Who Says Rice is the Only Grain You Can Risotto?

December 22, 2017

In the wintertime (let's be honest: all the time), I take any excuse I can to make risotto. I love to indulge in the hypnotic process of whipping up a batch without a recipe, patiently stirring, adding broth, stirring, adding broth until it's creamy and al dente.

Most often, at least in the U.S., risotto is made with arborio rice: a starchy, short-grained variety that produces a creamy, luxurious finished dish. I have no problem with arborio rice—I love arborio rice! I use it to make Marcella Hazan's rice and smothered cabbage, comforting risi e bisi, and bright, seafood-packed risottos.

But! Arborio is not the be-all and end-all of risotto grains. In fact, the risotto method (sweat alliums, toast grains, gradually add broth, stir often) can be achieved with many grains (and grain-like things), to many different, delicious ends. Try subbing in farro for a sweet, earthy dish, or use mung beans for a risotto-like Indian venn pongal. If you want to be really kooky, skip the grains and legumes altogether in favor of sunflower seeds. (Trust us, it's genius.)

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So go ahead—try subbing in barley or oats or wheat berries in your next risotto and see if you like the chewier, nuttier result. Or just turn to these 8 recipes—and get the Parmesan ready.

Do you ever risotto anything other than arborio rice? Give us some grain subbing inspiration in the comments!

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A New Way to Dinner, co-authored by Food52's founders Amanda Hesser and Merrill Stubbs, is an indispensable playbook for stress-free meal-planning (hint: cook foundational dishes on the weekend and mix and match ‘em through the week).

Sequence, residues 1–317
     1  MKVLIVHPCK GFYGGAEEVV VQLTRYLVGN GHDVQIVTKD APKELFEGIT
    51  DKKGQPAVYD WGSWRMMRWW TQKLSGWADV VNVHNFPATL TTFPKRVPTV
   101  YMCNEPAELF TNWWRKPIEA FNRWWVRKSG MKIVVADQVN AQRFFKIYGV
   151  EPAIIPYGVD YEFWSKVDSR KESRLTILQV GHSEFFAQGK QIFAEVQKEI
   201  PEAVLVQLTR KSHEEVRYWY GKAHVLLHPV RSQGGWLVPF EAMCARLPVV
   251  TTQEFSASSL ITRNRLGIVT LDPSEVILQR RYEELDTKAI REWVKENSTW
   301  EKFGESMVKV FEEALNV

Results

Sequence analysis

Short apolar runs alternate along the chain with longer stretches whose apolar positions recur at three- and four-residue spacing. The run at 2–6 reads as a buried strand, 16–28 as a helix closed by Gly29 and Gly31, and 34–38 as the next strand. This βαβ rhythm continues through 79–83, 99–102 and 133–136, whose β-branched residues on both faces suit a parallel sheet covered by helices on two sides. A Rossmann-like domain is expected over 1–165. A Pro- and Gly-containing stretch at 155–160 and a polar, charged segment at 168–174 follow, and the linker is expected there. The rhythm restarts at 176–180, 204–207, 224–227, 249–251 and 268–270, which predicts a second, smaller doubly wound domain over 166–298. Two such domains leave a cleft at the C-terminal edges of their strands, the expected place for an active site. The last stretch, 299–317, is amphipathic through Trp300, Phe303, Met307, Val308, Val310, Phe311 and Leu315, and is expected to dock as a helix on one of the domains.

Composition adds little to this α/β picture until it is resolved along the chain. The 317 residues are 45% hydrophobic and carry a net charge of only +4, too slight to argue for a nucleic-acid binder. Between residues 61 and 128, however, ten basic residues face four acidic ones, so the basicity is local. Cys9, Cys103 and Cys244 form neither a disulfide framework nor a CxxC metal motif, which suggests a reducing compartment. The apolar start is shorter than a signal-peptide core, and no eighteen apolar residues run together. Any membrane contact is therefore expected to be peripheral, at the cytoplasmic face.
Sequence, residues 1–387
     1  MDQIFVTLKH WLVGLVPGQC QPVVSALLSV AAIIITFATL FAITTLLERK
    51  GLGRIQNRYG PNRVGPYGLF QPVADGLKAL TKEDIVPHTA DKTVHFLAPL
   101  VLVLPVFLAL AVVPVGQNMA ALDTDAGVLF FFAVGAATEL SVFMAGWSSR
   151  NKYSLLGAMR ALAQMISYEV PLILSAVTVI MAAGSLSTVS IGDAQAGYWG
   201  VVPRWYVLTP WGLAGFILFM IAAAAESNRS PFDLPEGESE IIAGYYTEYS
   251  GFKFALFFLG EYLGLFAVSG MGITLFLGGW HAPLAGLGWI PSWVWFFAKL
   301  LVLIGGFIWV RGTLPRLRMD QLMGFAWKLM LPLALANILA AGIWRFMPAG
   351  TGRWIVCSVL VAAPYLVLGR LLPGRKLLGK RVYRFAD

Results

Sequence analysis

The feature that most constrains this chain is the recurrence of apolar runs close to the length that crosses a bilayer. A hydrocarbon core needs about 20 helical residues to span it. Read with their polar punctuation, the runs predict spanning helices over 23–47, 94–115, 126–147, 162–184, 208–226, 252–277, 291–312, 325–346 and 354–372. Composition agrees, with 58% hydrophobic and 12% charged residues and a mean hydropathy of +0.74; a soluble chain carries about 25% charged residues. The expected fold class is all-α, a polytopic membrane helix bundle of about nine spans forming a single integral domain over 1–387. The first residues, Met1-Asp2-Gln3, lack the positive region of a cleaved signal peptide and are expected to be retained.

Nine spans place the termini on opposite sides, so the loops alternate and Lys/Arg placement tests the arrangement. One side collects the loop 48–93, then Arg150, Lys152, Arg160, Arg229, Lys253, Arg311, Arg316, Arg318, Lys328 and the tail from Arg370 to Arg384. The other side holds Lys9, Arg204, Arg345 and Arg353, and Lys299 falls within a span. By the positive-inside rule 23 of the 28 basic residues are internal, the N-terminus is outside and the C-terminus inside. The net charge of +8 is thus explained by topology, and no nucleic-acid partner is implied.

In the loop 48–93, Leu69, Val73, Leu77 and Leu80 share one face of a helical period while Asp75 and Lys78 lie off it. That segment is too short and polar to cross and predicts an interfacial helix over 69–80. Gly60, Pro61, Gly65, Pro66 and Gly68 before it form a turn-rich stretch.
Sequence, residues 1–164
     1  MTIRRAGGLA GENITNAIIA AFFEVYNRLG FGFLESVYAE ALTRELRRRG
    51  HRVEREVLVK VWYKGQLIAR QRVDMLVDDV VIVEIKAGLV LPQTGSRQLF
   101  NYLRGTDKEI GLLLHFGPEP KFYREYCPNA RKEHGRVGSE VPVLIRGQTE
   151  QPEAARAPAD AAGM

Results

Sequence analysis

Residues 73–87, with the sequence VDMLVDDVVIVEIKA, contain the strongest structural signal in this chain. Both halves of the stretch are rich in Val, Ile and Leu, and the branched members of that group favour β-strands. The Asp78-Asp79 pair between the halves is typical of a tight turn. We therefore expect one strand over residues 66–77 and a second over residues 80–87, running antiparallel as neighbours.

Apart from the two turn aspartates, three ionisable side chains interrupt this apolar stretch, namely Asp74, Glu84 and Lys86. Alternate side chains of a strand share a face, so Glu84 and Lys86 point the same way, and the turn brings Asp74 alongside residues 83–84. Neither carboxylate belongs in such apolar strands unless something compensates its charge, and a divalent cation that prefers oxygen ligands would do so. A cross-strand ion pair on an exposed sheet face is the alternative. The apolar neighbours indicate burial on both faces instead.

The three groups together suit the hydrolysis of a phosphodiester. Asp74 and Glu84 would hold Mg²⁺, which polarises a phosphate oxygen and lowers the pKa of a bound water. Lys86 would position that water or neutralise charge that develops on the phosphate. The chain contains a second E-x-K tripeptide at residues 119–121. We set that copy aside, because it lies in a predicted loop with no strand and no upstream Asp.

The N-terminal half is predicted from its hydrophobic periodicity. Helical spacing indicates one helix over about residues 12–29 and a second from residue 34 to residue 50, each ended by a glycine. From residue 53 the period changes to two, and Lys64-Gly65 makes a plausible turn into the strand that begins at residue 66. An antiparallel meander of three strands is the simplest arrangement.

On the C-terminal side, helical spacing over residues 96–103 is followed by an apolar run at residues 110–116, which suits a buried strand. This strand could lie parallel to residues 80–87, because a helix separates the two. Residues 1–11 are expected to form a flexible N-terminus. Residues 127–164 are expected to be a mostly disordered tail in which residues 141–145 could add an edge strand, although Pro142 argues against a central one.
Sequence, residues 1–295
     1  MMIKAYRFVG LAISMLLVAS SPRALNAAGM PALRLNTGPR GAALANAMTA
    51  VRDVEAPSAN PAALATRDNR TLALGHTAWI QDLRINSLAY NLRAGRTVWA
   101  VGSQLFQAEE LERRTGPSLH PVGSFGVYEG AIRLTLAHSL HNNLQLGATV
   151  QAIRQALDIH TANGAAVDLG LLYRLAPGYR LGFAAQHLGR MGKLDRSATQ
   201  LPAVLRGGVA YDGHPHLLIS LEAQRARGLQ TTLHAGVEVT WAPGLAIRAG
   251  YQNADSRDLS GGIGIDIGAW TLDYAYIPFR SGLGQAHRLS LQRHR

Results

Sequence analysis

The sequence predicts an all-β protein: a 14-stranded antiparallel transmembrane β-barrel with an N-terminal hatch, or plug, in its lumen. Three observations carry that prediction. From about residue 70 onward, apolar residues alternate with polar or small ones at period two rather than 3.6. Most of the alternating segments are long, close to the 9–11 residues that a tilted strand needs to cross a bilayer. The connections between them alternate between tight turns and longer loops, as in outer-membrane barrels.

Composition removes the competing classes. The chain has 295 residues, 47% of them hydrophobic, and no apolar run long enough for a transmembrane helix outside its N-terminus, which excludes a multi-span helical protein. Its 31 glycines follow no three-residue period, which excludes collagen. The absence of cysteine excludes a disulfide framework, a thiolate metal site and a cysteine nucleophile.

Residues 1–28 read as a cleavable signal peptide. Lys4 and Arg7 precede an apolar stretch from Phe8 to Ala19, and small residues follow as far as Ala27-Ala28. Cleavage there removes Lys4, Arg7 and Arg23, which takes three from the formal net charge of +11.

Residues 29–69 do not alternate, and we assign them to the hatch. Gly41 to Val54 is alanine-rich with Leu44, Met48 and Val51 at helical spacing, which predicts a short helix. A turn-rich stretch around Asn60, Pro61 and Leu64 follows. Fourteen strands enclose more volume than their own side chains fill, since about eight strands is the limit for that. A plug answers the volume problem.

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See what other Food52 readers are saying.

  • zoemetro uk
    zoemetro uk
  • FrugalCat
  • boymeetsgirlmeetsfood
  • CanadaDan
  • AntoniaJames
A kitchen scientist and dog-lover. Someday I want to have you over for dinner.


zoemetro U. September 16, 2018
One evening I went to my pantry to discover that there was not enough arborio for the recipe so I subbed forbidden rice (the black one) and it worked like a charm. It also provides a fab background for protein or vegetables. I also love to mix barley and farro.
FrugalCat December 24, 2017
How about quinoa?
Catherine L. December 25, 2017
I've never tried it! I'd worry that quinoa would get mushy since it doesn't have the same bite as farro or barley, but give it a go and let us know!
boymeetsgirlmeetsfood December 23, 2017
We make barleysotto, and absolutely love it! It gets super creamy and has a nice texture and nuttiness to it- pairs really nicely with beetroot and greens.
CanadaDan December 22, 2017
I make a stupid good mushroom and chorizo barley risotto...
AntoniaJames December 22, 2017
Farro is the best thing, ever, to happen to risotto. ;o)